The history of the Cenozoic era brings us by gradual steps to the present order of things. Of no part of geological history have such full and diversified records been preserved as of the Cenozoic, and yet this very fulness is a source of difficulty and embarrassment when we attempt to arrange the various phenomena in their chronological order.

The sedimentary rocks of the Cenozoic era are, for the most part, quite loose and uncompacted; it is relatively rare to find hard rocks, such as so generally characterize the older formations. They are also most frequently undisturbed, retaining nearly their original horizontal positions, except when they have been upturned in the formation of great mountain chains. Another characteristic feature of Cenozoic strata is their locally restricted range; only in the oldest parts of the group do we find such widely extended formations as are common in the Palaeozoic and Mesozoic groups, and the later Cenozoic strata become more and more local in their character. This implies the restriction of the changes of level, the great transgressions and withdrawals of the sea no longer taking place as they had in the preceding eras. On the other hand, mountain making was effected on a very grand scale in the Cenozoic, and vuicanism was prevalent to an extent that seems never to have been reached before.

The climate of the era underwent some very remarkable and inexplicable changes. • At the beginning it resembled that of the Cretaceous in its generally mild and equable character, a luxuriant vegetation flourishing far within the Arctic Circle; but by very slow degrees and with many fluctuations, the climate grew colder, culminating in the Glacial Age, when much of the land in the northern hemisphere was covered with sheets of ice and snow and reduced to the condition of modern Greenland.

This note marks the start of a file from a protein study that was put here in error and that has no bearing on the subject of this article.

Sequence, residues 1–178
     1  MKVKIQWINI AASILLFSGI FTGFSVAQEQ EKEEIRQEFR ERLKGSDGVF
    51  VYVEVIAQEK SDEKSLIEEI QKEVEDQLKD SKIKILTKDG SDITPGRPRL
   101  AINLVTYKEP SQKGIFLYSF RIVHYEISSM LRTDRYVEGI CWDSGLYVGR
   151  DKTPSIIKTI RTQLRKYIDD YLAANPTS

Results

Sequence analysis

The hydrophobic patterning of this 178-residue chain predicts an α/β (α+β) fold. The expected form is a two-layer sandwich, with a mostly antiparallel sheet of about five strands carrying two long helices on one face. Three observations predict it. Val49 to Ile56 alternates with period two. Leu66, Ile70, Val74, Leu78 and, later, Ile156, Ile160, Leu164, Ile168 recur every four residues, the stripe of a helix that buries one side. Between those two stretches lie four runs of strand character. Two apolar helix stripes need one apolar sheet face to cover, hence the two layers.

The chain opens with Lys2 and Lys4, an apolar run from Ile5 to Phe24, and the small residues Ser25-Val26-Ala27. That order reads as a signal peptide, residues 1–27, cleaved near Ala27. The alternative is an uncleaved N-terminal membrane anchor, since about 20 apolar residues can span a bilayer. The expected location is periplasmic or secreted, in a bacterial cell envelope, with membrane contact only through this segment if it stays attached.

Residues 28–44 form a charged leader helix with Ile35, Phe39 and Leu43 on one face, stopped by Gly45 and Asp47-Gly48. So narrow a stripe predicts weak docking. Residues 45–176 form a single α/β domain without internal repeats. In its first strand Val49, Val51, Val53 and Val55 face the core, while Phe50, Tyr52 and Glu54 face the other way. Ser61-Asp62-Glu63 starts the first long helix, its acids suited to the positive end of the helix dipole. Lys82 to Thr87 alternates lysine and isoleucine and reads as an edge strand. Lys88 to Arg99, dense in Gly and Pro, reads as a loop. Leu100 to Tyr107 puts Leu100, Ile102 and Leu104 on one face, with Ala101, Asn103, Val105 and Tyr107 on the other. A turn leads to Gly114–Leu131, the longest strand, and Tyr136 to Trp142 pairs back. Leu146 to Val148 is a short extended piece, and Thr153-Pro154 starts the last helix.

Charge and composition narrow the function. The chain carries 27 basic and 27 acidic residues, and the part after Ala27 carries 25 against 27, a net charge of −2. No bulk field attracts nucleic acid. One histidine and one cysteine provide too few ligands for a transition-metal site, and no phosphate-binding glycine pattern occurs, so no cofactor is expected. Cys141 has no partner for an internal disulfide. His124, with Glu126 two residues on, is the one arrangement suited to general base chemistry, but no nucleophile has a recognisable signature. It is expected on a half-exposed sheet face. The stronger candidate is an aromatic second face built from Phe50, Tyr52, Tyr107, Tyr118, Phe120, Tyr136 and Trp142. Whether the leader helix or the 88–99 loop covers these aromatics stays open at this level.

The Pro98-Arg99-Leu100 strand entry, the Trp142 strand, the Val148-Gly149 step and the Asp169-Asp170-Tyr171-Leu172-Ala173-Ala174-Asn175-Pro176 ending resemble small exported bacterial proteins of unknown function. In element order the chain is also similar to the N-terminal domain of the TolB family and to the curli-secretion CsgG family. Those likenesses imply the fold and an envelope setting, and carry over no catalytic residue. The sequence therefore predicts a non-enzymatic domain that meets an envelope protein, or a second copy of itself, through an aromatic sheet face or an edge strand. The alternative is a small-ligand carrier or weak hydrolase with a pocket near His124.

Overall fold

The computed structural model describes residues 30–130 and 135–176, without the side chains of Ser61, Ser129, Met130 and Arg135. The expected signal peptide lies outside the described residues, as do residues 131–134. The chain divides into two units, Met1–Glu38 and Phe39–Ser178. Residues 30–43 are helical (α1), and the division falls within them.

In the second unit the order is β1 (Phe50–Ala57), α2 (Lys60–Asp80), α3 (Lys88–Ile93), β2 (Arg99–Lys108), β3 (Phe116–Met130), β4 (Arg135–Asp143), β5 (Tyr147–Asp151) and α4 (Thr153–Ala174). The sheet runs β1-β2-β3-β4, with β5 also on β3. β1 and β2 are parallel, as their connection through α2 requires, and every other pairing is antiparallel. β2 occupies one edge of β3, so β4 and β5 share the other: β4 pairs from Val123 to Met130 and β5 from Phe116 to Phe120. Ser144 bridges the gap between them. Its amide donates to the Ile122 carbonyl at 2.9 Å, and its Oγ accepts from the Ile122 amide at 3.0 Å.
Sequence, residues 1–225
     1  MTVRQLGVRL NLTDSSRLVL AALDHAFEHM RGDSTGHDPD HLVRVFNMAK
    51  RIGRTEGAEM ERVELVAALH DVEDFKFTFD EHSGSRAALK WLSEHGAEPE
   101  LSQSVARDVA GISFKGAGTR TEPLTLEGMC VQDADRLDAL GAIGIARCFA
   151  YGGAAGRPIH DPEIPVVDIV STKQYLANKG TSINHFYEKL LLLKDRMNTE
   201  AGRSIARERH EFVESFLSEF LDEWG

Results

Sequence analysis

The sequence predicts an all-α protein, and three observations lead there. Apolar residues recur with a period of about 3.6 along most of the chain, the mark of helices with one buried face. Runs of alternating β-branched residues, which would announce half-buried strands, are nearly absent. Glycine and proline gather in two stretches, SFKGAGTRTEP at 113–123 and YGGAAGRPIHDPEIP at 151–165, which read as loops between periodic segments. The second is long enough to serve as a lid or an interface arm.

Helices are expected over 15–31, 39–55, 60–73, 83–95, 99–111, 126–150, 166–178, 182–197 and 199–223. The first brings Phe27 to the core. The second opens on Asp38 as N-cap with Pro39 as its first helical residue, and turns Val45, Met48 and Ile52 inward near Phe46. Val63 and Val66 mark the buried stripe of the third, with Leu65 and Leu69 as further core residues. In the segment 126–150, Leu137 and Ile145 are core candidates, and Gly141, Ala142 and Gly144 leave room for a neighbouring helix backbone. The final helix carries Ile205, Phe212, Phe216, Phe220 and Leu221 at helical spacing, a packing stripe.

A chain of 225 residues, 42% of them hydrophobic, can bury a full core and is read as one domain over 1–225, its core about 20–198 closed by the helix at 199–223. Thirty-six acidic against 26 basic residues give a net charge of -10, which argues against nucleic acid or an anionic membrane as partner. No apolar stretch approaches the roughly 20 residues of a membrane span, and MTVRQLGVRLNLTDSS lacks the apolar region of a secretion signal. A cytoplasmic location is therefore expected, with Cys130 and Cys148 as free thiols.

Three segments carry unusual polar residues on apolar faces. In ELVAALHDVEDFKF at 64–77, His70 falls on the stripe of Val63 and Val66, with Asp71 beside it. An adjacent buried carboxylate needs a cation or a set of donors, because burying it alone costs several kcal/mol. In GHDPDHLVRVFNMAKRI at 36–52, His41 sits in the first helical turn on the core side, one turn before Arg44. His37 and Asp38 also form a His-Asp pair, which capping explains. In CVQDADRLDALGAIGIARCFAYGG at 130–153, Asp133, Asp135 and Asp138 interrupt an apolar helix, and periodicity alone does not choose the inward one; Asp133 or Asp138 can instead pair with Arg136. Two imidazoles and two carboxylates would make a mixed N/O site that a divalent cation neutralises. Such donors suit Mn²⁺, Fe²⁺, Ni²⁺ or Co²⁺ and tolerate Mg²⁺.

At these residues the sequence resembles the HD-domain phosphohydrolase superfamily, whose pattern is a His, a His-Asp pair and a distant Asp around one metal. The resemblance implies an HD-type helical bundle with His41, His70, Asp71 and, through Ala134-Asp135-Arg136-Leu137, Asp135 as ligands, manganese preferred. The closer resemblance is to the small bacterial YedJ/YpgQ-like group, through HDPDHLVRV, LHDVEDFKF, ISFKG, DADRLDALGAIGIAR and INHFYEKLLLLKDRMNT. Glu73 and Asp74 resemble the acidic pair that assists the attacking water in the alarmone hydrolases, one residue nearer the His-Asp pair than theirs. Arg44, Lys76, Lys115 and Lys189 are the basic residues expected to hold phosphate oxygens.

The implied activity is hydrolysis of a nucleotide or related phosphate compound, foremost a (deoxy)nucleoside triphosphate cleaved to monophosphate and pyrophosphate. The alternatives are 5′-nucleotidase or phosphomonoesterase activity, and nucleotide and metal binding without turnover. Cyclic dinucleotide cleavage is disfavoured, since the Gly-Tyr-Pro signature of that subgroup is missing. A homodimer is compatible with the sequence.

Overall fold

The life of the Cenozoic era is very clearly demarcated from that of the Mesozoic, though many modern characteristics began in the Cretaceous or even earlier. The peculiar Mesozoic Am-monoids, Belemnites, and many curious Bivalves disappeared almost entirely at the end of the Cretaceous, leaving only a few stragglers here and there to persist into the older Tertiary. Even more striking is the dwindling of the Reptiles; the Ichthyosaurs, Plesiosaurs, Mosasaurs, Dinosaurs, and Pterosaurs, which had given such a marked individuality to the Mesozoic fauna, have become totally extinct, leaving only Lizards and Snakes, Turtles and Crocodiles, and a few Choristodera to represent the class. But Cenozoic life is not distinguished from Mesozoic merely by negative characters; it has its positive features as well. The plants and invertebrate animals nearly all belong to genera which are still living, and the proportion of modern species steadily increases as we approximate the present time. The Fishes, Amphibia, and Reptiles differ but little from those of modern times, and the Birds take on the diversity and relative importance which characterize them now.

Above all, the Mammals undergo a wonderful expansion and take the place of the vanished reptiles, giving to Cenozoic time an altogether different character from all that went before it. The great geographical and climatic changes produced migrations of land animals and plants upon a grand scale, from continent to continent and from zone to zone, the result of which is the distribution of living beings over the earth's surface as we find it to-day.

There is some difference of usage regarding the subdivisions of the Cenozoic group, though the difference is principally with reference to the rank of those subdivisions. We shall follow the usual American practice of dividing the group into two systems, the Tertiary and Quaternary.